Cass empowers healthcare providers and those suffering from eating disorders to achieve a 46% reduction in prevalence over 6 months.

Cass provide behavioral coaching and support to reduce the costs and human toll of this disease.
A research study found a 46% reduction in eating disorder prevalence after 6 months.
Unlike traditional approaches, Cass does this through interactive text messaging and a AI knowledge engine, connected, when needed in times of crisis, to a network of therapists.
"A chatbot could help prevent eating disorders, new study finds"
Read the article
IBH LogoCascade LogoNemours Logo

Cass helps those challenged by eating disorders with AI-based chat technology.

24/7/365 access to care

Cass provides a low-cost, personalized, and scalable text solution available 24/7 to increase equitable access to eating disorder behavioral health support.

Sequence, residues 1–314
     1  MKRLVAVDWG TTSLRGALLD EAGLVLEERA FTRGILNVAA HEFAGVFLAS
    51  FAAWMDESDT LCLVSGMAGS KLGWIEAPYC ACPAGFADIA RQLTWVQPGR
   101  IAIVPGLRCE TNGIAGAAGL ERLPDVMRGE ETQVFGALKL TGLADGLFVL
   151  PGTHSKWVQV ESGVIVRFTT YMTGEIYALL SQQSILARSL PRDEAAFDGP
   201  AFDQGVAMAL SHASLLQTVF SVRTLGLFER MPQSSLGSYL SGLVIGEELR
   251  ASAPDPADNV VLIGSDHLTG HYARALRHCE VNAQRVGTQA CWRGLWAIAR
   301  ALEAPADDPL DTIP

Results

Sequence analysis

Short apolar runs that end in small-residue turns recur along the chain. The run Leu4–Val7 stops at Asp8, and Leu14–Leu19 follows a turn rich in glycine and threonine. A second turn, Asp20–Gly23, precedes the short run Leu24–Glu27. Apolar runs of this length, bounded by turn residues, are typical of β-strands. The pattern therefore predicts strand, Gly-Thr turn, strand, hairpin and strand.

Connect to a network of crisis counselors

Use Cass's digital coach and triage process to solve problems immediately, and, when needed further scale support by tapping into Cass' 5,000 certified counselors network available on-demand in all 50 states.

Increasing adherence to medication and treatment plans

With automatic check-ins and timely reminders, ensure compliance to medication and different treatment plans.

Reduce the number of no-shows or readmission

Engage with users who have the potential for ED challenges, and later increase patient engagement via notification of resources and programs at the right moments.

Drive down the cost of engaging with ED patients

Differentiate your practice by promoting mental health care at scale via low-cost digital campaigns using a phone number. Engage more efficiently using text messaging.

Track your impact and adjust accordingly

Track impact, tailor customer care, and better align resources by reviewing customer data collected via health assessment intakes and engagement metrics.

Demonstrated real change and improvement for those prone to eating disorders

Ellen Fitzsimmons-Craft, assistant professor of psychiatry at Washington University School of Medicine in St. Louis said:  “[Cass] could have a great public health impact if we can continue to find ways to disseminate it widely.”